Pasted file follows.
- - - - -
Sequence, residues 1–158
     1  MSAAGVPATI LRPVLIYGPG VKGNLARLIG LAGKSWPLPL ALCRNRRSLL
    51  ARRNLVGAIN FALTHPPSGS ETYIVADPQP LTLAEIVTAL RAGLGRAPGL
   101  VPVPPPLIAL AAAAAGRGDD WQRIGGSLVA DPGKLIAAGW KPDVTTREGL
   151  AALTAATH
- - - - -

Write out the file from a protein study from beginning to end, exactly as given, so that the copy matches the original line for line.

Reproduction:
Sequence, residues 1–158
     1  MSAAGVPATI LRPVLIYGPG VKGNLARLIG LAGKSWPLPL ALCRNRRSLL
    51  ARRNLVGAIN FALTHPPSGS ETYIVADPQP LTLAEIVTAL RAGLGRAPGL
   101  VPVPPPLIAL AAAAAGRGDD WQRIGGSLVA DPGKLIAAGW KPDVTTREGL
   151  AALTAATH